In the beginning, the geodata were cleaned up from errors. Geodata with incorrect coordinates or duplicates were removed or corrected, if possible. Depending on the canton, 1–5% of all geodata were deleted. The canton of Geneva (GE) had very low quality geodata, leading to the removal of 89% of the data points. For further calculations, inactive apiaries (not actively used by beekeepers) were removed and only the active ones were used. The metadata concerning occupation of apiaries (active/inactive) were nearly always available in the datasets. If not, we assumed that just the active ones were recorded.

The quality of the FOAG data set was quantified in GIS (ArcGIS Desktop 10.3, ESRI Inc.) by comparing the FOAG data set (‘FOAG_active’) with the data set of the cantonal authorities (‘Cantonal_active’). For this purpose, a ‘quality-index’ was calculated for each canton or municipality based on the ‘swissBOUNDARIES3D’ data set (Swisstopo, 2017). The ‘quality-index’ gives the proportion of the number of apiaries of the FOAG data set, relative to the number of apiaries of the cantonal data set. Thus, a ‘quality-index’ of 100% means that there is the same number of apiaries in both data sets. A ‘quality-index’ >100% indicates more FOAG-apiaries; <100% indicates more apiaries in the cantonal data set.

Based on the ‘Switzerland_active’ data set, maps were generated in GIS, representing the density of apiaries in 2016. Therefore, at cantonal (average size: 1,588 km2), district (average size: 266 km2) and municipal (average size: 18 km2) level ‘density-indices’ were calculated, giving the number of apiaries per area (km2) (Figs. 1 and 2). In addition to these classic geographic area analyses, an agricultural landscape type based analysis was run using the 55 different types of agricultural landscape defined for Switzerland (Federal Office for Agriculture of Switzerland, 2009; Szerencsits et al., 2009) (Fig. 3). To estimate dynamics of apiary densities during the last decade, the current data set at cantonal level was compared to older data (Fluri, Schenk & Frick, 2004). A GIS-map was used to illustrate the percentage change.

Apiary densities (‘density-indices’) on cantonal level.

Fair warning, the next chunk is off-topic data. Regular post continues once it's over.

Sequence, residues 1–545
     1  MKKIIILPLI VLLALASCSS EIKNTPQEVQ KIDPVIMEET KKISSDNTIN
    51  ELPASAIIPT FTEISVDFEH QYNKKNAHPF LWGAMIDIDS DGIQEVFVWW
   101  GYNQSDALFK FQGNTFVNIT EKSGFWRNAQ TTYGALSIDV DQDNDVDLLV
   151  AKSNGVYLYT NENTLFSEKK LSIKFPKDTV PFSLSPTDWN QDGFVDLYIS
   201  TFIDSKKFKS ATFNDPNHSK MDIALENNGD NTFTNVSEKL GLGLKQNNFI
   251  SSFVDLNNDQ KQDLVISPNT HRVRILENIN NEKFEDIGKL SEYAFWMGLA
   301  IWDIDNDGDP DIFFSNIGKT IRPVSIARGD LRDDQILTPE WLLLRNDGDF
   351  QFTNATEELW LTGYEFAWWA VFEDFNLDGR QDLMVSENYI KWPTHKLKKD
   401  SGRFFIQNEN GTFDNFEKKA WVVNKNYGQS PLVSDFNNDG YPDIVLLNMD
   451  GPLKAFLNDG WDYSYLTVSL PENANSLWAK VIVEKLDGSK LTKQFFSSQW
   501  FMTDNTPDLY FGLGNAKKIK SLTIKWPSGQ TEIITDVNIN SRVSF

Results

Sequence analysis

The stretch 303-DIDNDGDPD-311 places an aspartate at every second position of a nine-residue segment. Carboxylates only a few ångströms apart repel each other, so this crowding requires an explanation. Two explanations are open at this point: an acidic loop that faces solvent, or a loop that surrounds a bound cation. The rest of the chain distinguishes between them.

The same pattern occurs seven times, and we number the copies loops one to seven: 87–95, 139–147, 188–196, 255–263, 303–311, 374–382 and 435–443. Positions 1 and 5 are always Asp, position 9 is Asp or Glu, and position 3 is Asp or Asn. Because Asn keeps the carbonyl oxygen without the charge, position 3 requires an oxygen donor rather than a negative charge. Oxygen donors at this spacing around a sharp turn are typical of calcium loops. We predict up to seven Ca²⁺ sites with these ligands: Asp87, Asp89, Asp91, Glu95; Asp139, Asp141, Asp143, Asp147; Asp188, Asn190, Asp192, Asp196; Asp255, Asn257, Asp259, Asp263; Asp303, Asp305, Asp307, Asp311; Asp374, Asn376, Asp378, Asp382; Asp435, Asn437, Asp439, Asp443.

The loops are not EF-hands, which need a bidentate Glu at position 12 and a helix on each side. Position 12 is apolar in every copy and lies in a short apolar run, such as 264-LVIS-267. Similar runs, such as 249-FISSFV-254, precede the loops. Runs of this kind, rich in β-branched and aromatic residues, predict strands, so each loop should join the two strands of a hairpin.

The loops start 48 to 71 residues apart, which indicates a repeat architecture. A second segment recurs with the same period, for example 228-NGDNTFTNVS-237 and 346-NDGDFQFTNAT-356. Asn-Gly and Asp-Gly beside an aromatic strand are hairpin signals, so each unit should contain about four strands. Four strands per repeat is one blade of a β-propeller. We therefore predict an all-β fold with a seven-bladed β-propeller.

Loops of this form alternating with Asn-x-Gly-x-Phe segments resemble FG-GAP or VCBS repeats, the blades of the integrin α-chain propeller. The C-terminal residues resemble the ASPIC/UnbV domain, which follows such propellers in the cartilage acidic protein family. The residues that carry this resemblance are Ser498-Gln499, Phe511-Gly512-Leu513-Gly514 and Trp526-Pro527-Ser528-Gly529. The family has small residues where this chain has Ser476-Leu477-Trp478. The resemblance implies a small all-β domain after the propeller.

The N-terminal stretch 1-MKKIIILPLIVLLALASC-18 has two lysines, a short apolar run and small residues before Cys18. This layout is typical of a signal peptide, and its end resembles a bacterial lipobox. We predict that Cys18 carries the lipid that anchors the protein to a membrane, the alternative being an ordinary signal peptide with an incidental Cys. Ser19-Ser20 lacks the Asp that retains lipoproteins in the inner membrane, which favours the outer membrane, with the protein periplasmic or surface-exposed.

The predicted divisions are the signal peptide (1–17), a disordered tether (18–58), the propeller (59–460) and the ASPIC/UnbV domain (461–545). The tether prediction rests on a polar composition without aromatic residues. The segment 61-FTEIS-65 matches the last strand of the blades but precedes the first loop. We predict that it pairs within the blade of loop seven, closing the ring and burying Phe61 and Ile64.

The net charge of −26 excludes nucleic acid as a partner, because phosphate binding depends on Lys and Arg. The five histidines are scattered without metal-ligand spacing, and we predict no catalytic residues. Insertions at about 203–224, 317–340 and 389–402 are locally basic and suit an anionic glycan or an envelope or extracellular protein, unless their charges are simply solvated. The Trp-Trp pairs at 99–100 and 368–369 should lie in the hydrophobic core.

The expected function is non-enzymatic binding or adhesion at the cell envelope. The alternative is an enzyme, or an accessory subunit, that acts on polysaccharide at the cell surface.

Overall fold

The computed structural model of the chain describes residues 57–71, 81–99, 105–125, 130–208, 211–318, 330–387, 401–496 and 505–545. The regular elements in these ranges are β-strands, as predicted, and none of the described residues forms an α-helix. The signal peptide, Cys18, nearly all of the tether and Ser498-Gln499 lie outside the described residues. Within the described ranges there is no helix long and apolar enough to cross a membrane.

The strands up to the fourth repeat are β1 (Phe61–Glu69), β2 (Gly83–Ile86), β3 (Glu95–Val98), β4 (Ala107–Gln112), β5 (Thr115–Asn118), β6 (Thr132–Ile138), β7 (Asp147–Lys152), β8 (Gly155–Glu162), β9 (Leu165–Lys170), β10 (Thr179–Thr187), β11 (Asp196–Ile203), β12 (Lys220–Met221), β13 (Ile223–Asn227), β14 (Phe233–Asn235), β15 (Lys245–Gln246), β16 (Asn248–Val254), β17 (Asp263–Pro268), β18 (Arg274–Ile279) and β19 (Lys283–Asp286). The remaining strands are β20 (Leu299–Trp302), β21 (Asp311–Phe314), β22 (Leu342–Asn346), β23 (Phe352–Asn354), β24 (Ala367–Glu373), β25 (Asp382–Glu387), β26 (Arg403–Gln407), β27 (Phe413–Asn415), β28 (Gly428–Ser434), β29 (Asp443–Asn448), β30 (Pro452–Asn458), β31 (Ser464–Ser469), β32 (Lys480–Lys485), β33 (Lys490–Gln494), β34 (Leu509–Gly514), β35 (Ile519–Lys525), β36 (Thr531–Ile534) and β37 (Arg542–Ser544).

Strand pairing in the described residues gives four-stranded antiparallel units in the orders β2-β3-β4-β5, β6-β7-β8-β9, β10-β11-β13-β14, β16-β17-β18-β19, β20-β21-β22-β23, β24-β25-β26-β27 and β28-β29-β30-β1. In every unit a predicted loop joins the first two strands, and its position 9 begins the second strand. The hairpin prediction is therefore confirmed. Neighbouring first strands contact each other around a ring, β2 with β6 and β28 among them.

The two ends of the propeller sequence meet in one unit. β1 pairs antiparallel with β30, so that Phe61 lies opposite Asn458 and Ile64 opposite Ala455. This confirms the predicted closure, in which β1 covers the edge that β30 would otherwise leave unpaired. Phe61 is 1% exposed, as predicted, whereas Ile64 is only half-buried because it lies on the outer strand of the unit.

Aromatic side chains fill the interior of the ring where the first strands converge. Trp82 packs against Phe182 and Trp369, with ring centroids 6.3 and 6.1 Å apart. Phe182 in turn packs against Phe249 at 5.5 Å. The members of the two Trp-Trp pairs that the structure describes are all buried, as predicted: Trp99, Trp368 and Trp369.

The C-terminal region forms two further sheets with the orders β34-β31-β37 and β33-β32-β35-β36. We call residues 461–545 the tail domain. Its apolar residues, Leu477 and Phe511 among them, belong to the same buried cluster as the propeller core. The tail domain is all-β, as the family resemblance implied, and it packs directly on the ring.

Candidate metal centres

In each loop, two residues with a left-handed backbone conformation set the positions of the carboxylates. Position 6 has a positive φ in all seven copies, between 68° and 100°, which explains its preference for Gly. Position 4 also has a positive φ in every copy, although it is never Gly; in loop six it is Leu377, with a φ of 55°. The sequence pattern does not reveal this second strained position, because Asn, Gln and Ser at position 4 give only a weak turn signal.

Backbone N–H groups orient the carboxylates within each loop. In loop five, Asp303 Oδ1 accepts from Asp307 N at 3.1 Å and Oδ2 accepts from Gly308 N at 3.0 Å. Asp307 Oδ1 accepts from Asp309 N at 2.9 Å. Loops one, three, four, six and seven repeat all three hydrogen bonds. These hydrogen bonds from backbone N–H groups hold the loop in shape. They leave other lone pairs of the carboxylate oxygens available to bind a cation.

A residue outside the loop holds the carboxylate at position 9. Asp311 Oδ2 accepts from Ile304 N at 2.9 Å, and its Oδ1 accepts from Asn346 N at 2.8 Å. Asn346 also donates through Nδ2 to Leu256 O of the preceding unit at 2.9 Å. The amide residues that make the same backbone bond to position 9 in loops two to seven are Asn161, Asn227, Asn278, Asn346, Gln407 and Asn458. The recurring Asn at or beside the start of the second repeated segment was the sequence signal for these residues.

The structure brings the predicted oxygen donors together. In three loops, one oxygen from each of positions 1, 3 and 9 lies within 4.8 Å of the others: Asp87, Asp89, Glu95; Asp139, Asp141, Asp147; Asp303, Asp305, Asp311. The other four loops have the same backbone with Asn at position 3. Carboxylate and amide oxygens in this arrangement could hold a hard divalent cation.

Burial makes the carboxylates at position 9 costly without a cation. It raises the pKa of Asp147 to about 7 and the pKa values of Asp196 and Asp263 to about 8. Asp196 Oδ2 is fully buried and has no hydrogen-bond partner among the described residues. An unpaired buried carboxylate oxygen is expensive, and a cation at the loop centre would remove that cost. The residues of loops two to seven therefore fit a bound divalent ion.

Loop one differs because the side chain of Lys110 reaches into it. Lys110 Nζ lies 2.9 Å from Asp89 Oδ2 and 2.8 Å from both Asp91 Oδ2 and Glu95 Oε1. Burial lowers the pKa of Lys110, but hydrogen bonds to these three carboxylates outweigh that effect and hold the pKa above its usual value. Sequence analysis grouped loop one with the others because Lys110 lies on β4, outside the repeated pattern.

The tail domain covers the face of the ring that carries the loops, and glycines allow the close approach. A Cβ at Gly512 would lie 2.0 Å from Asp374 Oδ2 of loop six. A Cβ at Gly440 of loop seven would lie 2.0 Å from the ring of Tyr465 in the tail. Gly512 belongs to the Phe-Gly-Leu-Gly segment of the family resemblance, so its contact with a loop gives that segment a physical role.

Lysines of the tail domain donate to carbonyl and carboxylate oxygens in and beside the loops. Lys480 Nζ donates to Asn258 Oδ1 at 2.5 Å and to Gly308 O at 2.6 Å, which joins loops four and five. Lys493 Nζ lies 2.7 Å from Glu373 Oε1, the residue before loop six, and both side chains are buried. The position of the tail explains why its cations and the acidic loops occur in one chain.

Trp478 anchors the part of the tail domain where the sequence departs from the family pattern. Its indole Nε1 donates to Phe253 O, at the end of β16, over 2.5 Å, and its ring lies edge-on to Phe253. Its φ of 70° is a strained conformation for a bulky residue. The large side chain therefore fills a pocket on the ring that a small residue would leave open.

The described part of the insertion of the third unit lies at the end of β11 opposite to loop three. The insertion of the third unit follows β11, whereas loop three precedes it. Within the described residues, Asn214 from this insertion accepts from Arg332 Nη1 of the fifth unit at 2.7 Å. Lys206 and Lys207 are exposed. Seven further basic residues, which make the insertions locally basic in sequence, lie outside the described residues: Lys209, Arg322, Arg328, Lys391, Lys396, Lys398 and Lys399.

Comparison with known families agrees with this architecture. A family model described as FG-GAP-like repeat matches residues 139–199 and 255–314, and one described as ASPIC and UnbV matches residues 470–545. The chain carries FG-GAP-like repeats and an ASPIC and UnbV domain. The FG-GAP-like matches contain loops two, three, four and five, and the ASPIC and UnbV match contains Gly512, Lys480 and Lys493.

Figure 1: Apiary densities (‘density-indices’) on cantonal level.

Different colors illustrate categories of apiary densities (for details see the embedded color code). Low data quality lead to exclusion of apiary data of Geneva (illustrated in grey).
Apiary densities (‘density-indices’) on municipal level.

Figure 2: Apiary densities (‘density-indices’) on municipal level.

Different colors illustrate categories of apiary densities (for details see the embedded color code). Low data quality lead to exclusion of apiary data of Geneva (illustrated in grey).
Apiary densities (‘density-indices’) of agricultural landscape types.

Figure 3: Apiary densities (‘density-indices’) of agricultural landscape types.

(A) ‘Density-indices’ for the 55 different types of agricultural landscape defined for Switzerland (Szerencsits et al., 2009). Different colors illustrate categories of apiary densities (for details see the embedded color code). Low data quality lead to exclusion of apiary data of Geneva (illustrated in grey). (B) ‘Density-indices’ for the different agricultural landscape types grouped in nine main landscape classes. Data are shown as box plots with outliers (circles).

In order to investigate possible connections between the distribution of apiaries and occurrences of bee brood diseases (AFB and EFB), the distance to the nearest apiary has to be taken into consideration as well as apiary density. Therefore, GIS-maps were created, which specify the ‘average minimum distance’ to the nearest apiary per study area.

Apiary densities might directly be linked to human settlement or urban areas. To test the hypothesis that higher apiary densities correlate with higher human population densities (higher likelihood for beekeeping activity), a log–log transformed linear model (regression analysis in RStudio 1.0.136 (R 3.4.3); R Core Team, 2018; RStudio Team, 2017) was used, including the calculated apiary ‘density-indices’ and human population density on district level. Human population data came from ‘swissBOUNDARIES3D’ (Swisstopo, 2017) and were processed in ArcGIS.

Bee brood diseases